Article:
linkthink re: hip-hop, reggae, the US, jamaica, and anything else wayne wants to wax on


moron whiteness, more on whiteness

while the talk of minstrelsy continues (and reminds me to get downloading), i thought i should return to a point to which i alluded a couple days ago.

in a post last week, i hinted at something called moron whiteness. this is not a technical term. it's just a way of saying that even some well-meaning 'white folk' (and there i go along with them), stop far too short of actually moving past the epiphany of recognizing their un/conscious complicity with race and racism, thus "owning" their whiteness without seeking to move out of it and to leave behind the days of racialized social relations.

learning about and speaking of and avoiding all profit on one's whiteness can represent important strategies in getting away from race-thinking and dismantling white supremacy. whiteness is not, however, a place where one stops after "coming to terms" with who one really is (or, more precisely, with where one's phenotype places one in the social hierarchy).

this is, in part, what vron ware and les back are getting at in their incisive volume, out of whiteness (2001). in the introductory chapter, the authors bring into focus the distinction between their own vision for a radical, critical analysis of whiteness and what they consider "more pragmatic and altogether more timid proposals that do not actively seek to disrupt existing racial frameworks" (6):
A wide spectrum of possibilities awaits the new recruit to "whiteness studies," since there is no unity of purpose binding this field together. Finding a position on this spectrum depends on an analysis of all social divisions and a readiness to address the fundamental causes of injustice. In plainer terms it will depend on whether or not race is seen as something that can not only be deconstructed on paper, but also eventually rendered obsolete as a system of discriminating among humans.

. . .

[S]o many writers on whiteness have balked at the notion of doing away with all racial categories and have instead settled for the deceptively easier job of trying to remove the undesirable elements from whiteness without rocking the boat of raciology that keeps the whole concept in motion. For some it is possible, even desirable, to retain whiteness as a descriptive term, a potentially innocent aspect of individual and collective identity--in particular, one that needs to function as an integral part of the jigsaw of multicultural discourse within the United States.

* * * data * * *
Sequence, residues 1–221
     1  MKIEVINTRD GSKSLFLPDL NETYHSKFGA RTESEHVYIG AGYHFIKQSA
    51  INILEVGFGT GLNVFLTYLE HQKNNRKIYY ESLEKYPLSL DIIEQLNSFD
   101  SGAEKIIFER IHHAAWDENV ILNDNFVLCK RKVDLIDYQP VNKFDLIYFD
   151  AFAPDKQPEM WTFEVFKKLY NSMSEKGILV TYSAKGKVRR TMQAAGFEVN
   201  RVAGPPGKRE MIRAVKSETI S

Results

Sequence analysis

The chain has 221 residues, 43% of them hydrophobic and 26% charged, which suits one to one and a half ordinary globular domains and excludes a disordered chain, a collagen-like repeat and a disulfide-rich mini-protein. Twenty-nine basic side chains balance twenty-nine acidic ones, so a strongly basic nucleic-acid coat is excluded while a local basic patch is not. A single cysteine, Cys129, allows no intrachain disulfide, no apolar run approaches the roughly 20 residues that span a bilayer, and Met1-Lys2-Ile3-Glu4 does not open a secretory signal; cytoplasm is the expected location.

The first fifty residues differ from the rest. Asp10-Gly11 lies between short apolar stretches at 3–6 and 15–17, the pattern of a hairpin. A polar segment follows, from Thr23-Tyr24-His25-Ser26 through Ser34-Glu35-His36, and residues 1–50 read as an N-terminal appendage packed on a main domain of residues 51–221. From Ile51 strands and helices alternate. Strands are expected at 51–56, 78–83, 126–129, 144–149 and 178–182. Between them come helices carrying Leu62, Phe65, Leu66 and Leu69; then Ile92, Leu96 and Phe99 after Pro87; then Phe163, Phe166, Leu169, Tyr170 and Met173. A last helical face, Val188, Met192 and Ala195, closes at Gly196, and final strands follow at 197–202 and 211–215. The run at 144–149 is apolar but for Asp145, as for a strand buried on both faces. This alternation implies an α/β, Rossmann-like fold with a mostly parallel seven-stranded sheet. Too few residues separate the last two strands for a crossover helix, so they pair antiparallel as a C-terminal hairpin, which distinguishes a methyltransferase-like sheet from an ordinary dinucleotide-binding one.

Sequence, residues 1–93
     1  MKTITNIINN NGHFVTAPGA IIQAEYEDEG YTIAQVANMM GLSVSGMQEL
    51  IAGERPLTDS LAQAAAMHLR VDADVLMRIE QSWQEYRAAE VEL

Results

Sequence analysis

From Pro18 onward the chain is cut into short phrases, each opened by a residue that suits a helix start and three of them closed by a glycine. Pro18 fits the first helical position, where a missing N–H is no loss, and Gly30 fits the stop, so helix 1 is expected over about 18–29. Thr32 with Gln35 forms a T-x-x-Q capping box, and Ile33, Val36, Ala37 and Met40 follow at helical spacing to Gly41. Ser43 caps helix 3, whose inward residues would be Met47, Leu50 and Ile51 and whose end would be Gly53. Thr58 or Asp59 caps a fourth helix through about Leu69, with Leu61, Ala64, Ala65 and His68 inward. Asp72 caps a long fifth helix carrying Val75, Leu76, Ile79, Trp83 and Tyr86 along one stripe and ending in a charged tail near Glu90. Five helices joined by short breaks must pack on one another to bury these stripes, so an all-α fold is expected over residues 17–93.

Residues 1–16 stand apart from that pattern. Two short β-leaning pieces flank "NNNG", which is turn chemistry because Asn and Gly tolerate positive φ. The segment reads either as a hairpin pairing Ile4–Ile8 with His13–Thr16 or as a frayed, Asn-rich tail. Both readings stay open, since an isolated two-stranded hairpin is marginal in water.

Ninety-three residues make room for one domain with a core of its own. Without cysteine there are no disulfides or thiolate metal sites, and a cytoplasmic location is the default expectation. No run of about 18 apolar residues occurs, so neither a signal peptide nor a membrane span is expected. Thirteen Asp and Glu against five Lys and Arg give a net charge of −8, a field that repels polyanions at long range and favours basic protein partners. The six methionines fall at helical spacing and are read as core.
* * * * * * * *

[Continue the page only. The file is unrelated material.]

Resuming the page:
. . .

One of the problems with this type of approach is that is in danger of reifying the idea of race as a reliable index of human difference, and therefore of breathing stale life into a belief system that ought to have been consigned to the twentieth century. (6)

dj/rupture offers a pro-minstrel stance on all of this, reminding us that fitty's been blacking-up, too, and wondering whether all the bloggaz-with-attitude are interrogating the "wrong carriers."

he's got a point. and here jace [sorry - wouldn't want to get it twisted and miss the performance] /rupture reminds us about the bigger picture, lest we find ourselves simply policing "white" transgression and turning our attention away from the overarching problem and context. on this score, it seems that /rupture's perspective here jibes, more or less, with what kanye west claims at the end of crack music, what eric lott lays out in love and theft, and what ron radano argues in lying up a nation...

now the former slaves trade hooks for grammies /
this dark diction has become america's addiction /
those who ain't even black use it

to his credit, o-dub also attempted to remind folks - repeatedly - that minstrelsy need not look, at least on its blackface, like minstrelsy. an historical product of the peculiar institution and an odd expression of our constitutive struggle, minstrelsy is the major mode through which (we) americans hear music and watch performances. and although matters of reception will always be colored by local contexts and histories, considering that we've been exporting - to no small success - our coon-show styles since the mid-19th century, i'm not sure how much we can restrict this phenomenon to the states.